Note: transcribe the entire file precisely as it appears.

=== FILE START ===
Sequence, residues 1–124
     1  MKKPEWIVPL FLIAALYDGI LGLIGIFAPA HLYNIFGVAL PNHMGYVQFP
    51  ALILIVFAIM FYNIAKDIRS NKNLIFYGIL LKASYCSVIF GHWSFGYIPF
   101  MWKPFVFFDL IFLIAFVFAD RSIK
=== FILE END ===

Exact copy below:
Sequence, residues 1–124
     1  MKKPEWIVPL FLIAALYDGI LGLIGIFAPA HLYNIFGVAL PNHMGYVQFP
    51  ALILIVFAIM FYNIAKDIRS NKNLIFYGIL LKASYCSVIF GHWSFGYIPF
   101  MWKPFVFFDL IFLIAFVFAD RSIK